Professor and student study visibility management, perceptions of sex work

Dr. Rebecca McHugh, an assistant professor of psychology, and her students conduct research among people who are often stereotyped against, including the furry community and sex workers.

McHugh has been training some of her students to gather data on practices and people who are on the margins of the larger society.

This year, she has been working with psychology graduate Darien Talley '19 of Media, Pa., to interview legal sex workers and explore attitudes toward them and problems they face.

It is all part of McHugh's ongoing research into how people reveal parts of their identities to others, particularly if there is stigma involved. It is an area called visibility management. People choose whom they let know about their sexual orientation, mental health status, personal sexual history or other non-visible attributes. McHugh studies whom people choose to come out to, when and why.

As a developmental psychologist, McHugh became interested in the area because identity formation and visibility management are primary tasks of adolescence. Additionally, it's an area that has not been thoroughly researched.

McHugh and Talley's current research is taking place anywhere people are having conversations about sex work - on Facebook and Reddit, in interviews they conduct, and in a legal brothel outside of Las Vegas, where the pair traveled together in February. While in Las Vegas, they also attended the Ethnographic and Qualitative Research Conference, where Talley presented on a preliminary aspect of their research.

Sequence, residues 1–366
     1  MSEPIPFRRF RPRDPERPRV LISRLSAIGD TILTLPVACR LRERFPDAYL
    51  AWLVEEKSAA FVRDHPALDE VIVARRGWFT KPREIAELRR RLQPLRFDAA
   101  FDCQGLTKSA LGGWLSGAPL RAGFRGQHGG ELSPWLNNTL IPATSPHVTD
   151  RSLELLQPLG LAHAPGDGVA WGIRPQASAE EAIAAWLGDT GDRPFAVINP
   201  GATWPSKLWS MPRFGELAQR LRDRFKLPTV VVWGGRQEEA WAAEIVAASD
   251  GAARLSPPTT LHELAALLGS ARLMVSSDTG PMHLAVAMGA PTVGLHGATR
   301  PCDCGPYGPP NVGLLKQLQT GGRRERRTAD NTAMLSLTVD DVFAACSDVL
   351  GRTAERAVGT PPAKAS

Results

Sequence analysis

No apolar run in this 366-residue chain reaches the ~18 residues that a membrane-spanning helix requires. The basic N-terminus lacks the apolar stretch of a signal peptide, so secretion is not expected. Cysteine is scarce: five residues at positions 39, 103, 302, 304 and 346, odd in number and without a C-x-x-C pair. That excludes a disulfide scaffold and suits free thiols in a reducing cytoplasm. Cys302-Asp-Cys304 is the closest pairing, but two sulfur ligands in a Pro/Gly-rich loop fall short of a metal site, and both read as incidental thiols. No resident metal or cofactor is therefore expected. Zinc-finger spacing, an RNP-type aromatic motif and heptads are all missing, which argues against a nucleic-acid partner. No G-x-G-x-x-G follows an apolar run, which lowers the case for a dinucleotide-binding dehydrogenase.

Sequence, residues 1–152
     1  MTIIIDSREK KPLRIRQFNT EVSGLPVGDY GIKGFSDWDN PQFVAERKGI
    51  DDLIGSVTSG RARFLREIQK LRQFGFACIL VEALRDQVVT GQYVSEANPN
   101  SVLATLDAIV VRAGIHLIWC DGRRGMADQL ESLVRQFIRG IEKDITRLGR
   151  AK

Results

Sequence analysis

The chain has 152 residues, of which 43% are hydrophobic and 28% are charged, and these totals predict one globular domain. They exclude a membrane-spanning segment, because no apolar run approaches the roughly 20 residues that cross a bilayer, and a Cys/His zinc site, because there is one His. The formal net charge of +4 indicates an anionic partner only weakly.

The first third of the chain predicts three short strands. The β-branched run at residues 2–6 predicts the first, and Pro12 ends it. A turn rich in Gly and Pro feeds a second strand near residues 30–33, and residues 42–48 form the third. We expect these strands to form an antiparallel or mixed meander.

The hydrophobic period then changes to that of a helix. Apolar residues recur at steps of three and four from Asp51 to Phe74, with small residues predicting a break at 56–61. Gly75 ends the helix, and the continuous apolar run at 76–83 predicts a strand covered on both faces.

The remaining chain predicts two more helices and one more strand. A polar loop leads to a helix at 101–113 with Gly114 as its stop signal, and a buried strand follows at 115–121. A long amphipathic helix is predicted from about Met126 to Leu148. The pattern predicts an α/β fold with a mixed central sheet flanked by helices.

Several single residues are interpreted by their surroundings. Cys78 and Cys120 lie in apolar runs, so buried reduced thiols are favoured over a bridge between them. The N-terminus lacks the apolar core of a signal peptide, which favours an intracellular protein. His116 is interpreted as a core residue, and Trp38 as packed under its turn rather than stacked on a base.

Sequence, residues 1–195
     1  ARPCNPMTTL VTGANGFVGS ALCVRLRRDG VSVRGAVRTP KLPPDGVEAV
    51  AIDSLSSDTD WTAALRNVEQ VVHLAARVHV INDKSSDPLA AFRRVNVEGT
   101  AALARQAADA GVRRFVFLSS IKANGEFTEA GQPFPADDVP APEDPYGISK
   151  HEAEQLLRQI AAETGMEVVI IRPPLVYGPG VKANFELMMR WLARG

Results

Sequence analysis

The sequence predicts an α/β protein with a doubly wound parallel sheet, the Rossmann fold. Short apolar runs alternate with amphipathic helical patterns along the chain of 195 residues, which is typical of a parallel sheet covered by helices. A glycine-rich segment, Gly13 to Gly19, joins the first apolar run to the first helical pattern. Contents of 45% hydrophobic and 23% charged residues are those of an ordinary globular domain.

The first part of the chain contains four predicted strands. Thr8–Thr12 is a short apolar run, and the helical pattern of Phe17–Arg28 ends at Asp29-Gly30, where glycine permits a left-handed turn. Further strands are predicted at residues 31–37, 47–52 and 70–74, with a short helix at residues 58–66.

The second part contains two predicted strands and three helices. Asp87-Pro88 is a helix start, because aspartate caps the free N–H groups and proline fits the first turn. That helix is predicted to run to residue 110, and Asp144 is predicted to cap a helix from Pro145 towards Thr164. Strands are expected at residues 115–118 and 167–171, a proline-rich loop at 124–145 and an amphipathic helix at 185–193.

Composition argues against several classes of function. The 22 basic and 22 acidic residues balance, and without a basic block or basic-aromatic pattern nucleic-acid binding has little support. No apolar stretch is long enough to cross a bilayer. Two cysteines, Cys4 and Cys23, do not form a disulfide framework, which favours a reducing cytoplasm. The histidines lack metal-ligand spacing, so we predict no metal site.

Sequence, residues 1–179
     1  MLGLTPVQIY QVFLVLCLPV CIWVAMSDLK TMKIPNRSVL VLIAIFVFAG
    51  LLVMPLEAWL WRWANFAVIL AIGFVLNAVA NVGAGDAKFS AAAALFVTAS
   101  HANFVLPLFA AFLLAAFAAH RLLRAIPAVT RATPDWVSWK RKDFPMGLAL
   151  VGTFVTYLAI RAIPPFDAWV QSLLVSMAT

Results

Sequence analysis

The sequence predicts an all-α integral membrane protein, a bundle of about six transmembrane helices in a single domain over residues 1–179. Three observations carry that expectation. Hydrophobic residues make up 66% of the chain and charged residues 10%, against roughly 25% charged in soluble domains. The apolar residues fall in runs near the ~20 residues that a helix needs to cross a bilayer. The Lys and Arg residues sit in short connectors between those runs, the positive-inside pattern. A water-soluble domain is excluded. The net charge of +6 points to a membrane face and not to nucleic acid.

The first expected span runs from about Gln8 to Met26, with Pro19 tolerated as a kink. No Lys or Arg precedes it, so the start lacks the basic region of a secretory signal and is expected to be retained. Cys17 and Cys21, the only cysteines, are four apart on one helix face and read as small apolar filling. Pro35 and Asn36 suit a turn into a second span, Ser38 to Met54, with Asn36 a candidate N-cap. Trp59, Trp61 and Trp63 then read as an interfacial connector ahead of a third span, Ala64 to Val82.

At the brothel, the pair interviewed exotic dancers, prostitutes and women working in the pornography industry.

“They were all really nice,” said Talley, who was interested in finding out how counselors can help those in sex work. She said that often sex workers won't talk to counselors or other health care providers because of stereotypes that the workers are only sex workers because of trauma in their past.

“It's hard for sex workers to find people to open up to,” Talley said. “There is a huge stigma associated with sex work.” She said that some of the interviewees had not even told their primary care physicians about their work.

After the interviews, come hours of listening, transcribing and coding each bit of conversation to detect trends in the data.

In addition to the interview data, the pair have similarly analyzed a conversation on the Facebook page Humans of New York about International Whores' Day and plan to recruit additional open-ended survey participants in various threads on the social website Reddit.

On her own, Talley has begun individual research examining misogynistic song lyrics from the last 20 years.

When the analyses are complete, the pair plan to write papers about the trends and information they found.

Gathering and analyzing this kind of subjective data requires a lot of time and training. McHugh first trained Talley as part of similar visibility management research she has conducted for two summers at Anthrocon, a four-day convention held annually in Pittsburgh to celebrate the “furry” fandom - people who are interested in media and art focusing on anthropomorphic characters.

Talley hopes to use her research experience to pursue a doctoral degree in clinical psychology, which would allow her to pursue her own research further, as well as treat individuals who struggle with past trauma.